60% of new words in 2009 Collegiate were born before today’s college students
‘New’ words average age — 29 years
Austin, TX July 16, 2009, (MetaNewswire) – Is Merriam-Webster its own worst frenemy? The answer to that question can perhaps be answered by the upcoming release of its Collegiate Dictionary, Eleventh Edition with the addition of almost 100 new words and word meanings (or senses). The average of these “new words” is twenty-nine years, according to Merriam-Webster’s itself. [Read more.]
“The Death of Michael Jackson has become a case study in the growing disparity between the mainstream global media and their newer Internet incarnations,” said Paul JJ Payack, President and Chief Word Analyst of the Global Language Monitor.
“The world has, indeed, witnessed a seismic shift in the reporting, analysis, and selection of news as evidenced by the recent death of Michael Jackson. In this regard, it appears as if the people have ‘voted with their clicks’ that the Internet is now an equal (if not senior) partner to the global print and electronic media.
The cyber-reporting of recent events in Iran only underscores this new (and growing) phenomenon.”
Analysis: Michael Jackson funeral tops those of Pope John Paul II, Ronald Reagan, Princess Diana and Mother Teresa
Austin, TX July 9, 2009– In an exclusive analysis performed by the Global Language Monitor, the death of Michael Jackson, the entertainment icon, has been found to be the Top Funeral in the Global Print and Electronic Media over the last dozen years . Jackson moved ahead of Pope John Paul II, whose funeral in 2005 previously set the standard.
The results follow:
- Michael Jackson, June 25 – July 8, 2009
- Pope John Paul II, April 2 – April 9, 2005
- Ronald Reagan, June 5 – June 10, 2004
- Mother Teresa, September 5 – September 14, 1997
- Princess Diana, August 31 – September 7, 1997
The death, aftermath, and funeral of Michael Jackson had some 18% more stories in the global print and electronic media than that of Pope John Paul II in 2005. The analysis covered the Top 5,000 print and electronic media sites, but excluded blogs and social media since they did not have a significant presence throughout the entire period of measurement.
“The death of Michael Jackson, and the media frenzy surrounding of its aftermath and his funeral, has moved Michael Jackson to the forefront of coverage of similar prominent deaths over the last dozen years,” said Paul JJ Payack, president and chief word analyst of GLM. Other prominent passings include those of Pope John Paul II, Ronald Reagan, Princess Diana and Mother Teresa. “The strength (and depth) of the global media coverage only adds to his already significant legacy and shows no sign of abetting.”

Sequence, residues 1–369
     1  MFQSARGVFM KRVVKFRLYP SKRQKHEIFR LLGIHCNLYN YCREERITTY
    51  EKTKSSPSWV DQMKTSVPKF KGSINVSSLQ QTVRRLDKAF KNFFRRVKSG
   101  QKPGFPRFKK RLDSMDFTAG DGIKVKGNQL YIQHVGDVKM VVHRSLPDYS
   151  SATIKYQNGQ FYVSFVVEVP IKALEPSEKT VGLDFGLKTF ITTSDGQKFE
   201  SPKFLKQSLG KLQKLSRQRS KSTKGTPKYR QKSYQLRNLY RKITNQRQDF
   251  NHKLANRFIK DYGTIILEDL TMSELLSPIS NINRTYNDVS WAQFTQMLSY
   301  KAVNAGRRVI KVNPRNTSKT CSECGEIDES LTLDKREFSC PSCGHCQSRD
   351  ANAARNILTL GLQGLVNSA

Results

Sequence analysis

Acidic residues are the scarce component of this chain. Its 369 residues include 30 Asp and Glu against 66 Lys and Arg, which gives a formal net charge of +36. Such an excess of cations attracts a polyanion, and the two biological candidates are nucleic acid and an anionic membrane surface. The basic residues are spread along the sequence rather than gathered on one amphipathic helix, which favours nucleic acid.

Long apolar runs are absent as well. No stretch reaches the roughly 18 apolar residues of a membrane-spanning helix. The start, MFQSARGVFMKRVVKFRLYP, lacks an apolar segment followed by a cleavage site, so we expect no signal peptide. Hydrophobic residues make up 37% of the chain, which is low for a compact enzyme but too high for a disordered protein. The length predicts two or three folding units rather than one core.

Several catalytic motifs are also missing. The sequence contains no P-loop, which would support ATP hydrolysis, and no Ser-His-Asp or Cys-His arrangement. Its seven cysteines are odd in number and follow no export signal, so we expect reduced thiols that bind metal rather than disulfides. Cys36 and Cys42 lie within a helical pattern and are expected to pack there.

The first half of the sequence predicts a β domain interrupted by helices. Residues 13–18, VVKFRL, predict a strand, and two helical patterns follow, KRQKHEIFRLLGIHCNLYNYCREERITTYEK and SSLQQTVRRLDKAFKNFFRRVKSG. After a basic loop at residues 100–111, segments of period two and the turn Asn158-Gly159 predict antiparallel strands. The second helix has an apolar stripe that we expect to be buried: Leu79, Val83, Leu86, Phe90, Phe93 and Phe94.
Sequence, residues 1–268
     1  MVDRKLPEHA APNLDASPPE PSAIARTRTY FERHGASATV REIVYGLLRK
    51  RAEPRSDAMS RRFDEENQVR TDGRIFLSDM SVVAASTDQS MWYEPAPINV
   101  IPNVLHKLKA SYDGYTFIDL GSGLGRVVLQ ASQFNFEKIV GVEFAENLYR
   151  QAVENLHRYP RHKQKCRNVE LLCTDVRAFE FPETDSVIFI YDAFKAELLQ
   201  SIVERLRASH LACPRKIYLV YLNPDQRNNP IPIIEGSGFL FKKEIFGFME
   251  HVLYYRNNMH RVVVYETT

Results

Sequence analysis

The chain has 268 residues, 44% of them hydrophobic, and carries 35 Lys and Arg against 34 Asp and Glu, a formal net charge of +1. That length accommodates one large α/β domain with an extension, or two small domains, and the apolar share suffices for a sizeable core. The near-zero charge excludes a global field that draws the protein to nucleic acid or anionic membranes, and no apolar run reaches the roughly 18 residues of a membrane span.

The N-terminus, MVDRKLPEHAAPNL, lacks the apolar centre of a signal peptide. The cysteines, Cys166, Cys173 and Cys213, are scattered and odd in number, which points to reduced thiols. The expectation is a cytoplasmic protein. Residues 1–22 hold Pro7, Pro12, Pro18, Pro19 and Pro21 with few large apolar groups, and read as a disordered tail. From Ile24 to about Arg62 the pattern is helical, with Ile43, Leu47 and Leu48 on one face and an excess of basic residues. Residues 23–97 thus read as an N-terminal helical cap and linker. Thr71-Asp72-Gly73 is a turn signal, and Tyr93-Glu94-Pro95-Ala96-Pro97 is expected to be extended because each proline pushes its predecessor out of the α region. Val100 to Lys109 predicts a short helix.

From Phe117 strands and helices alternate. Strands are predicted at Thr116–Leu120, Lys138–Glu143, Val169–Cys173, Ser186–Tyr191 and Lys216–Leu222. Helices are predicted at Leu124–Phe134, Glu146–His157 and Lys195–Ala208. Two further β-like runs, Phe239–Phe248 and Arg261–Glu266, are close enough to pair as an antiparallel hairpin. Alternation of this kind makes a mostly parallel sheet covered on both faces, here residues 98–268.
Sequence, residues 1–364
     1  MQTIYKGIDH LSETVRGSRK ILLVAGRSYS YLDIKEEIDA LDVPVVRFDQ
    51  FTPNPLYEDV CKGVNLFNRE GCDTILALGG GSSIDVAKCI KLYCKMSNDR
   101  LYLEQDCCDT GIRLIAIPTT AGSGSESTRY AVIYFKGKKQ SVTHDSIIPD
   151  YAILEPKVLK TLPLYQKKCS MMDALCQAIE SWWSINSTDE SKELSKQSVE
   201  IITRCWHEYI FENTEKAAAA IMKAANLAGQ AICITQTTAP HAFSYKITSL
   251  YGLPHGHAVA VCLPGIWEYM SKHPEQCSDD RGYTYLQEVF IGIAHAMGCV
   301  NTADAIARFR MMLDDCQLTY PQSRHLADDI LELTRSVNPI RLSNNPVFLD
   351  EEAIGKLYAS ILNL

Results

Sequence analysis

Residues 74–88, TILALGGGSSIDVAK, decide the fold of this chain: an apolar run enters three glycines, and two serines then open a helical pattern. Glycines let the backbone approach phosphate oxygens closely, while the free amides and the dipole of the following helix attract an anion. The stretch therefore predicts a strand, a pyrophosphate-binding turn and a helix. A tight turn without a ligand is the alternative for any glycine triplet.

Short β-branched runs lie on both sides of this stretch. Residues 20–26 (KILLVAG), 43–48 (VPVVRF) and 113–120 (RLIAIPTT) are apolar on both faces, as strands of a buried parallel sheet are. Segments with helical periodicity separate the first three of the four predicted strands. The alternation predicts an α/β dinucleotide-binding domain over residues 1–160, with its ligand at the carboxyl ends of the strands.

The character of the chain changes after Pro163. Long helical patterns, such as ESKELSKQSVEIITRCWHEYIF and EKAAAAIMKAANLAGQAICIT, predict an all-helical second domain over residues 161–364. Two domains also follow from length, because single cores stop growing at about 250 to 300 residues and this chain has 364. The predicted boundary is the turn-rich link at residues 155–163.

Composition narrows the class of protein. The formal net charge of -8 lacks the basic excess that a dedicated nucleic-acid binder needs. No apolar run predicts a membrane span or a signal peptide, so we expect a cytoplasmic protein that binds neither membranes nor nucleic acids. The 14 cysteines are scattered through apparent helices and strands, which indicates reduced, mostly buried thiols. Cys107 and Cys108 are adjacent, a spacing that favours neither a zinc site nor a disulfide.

When measured in terms total web presence, Jackson outdistances Ronald Reagan, at No. 2, by more a factor of 10.
The results follow:
- Michael Jackson, died in 2009
- Ronald Reagan, died in 2004
- Pope John Paul II, died in 2005
- Princess Diana, died in 1997
- Mother Teresa, died in 1997
Jackson Joins yet another Hall of Fame
Michael Jackson Death No. 2 Internet Story of 21st Century
Internet No. 2 (to Obama’s Election); Mainstream Media Ranking No.9
Austin, TX June 29, 2009 (MetaNewswire) – The death of Michael Jackson, the entertainment icon, is now one of the top stories of the 21st century, according to a analysis released by the Global Language Monitor (www.LanguageMonitor.com). In the 72 hours after his death, Jackson jumped to the No. 9 spot for the global print and electronic media. For Internet, blogs and social media, Jackson jumped to the No.2, only trailing the election of Barack Obama to the presidency of the United States. The results showed the growing disparity between the mainstream global media, and what is playing out for news on the Internet, and beyond.
The citations for Michael Jackson in the Mainstream Media numbered in the thousands; his citations on the Internet, and beyond numbered in the millions. The analysis tracked news stories within the first seventy-two hours after the event. The events include in descending order of Internet citations include: The Obama election, the death of Michael Jackson, the Iraq War, the Beijing Olympics, the Financial Tsunami, Hurricane Katrina, the death of Pope John Paul II, the 9/11 Terrorist Attacks and the Asian Tsunami.
Citations for the election of Barack Obama are five times greater than that of No. 2, Michael Jackson. In turn, the death of Michael Jackson is cited more than double than those for the beginning of the Iraq War in 2003.
“The death of Michael Jackson has resulted in a global media event of the first order” said Paul JJ Payack, president and chief word analyst of GLM. “The fact that he has broken into the top media events of the 21st century is a testament to the global impact of the man and his music.”
- Lexicography 2.0: The Chambers Reference Editor’s blog
- Having Gained its Millionth Word, English Marches On (July 20)
- English is the Word Millionaire (20 Minuten) June 22
- Simon Winchester: “On the Joys of our truly Global Language” — London Telegraph
- Word Nerd from ABC Nightline (Video)
- BBC News ‘Today’ Show, English Reaches Million Word Milestone (Audio)
- English Passes a Million Words — La Stampa
- GLM’s Answers Frequently Asked Questions about the Million Word March
- The Words in the Mental Cupboard (BBC Magazine)
- English Acquires its One Millionth Word (The Times)
- Ars Technica
- Christian Science Monitor
There are 10,000 other stories hailing the arrival of the 1,000,000th word from Abu Dhabi, and Tehran, to Beijing, to Sydney, to Chicago and Sri Lanka.
‘Millionth English word’ declared
A US web monitoring firm has declared the millionth English word to be Web 2.0, a term for the latest generation of web products and services.
Matt Frei reports on English’s unique linguistic evolution and then spoke to Global Language Monitor’s Paul Payack who helped find this millionth English word.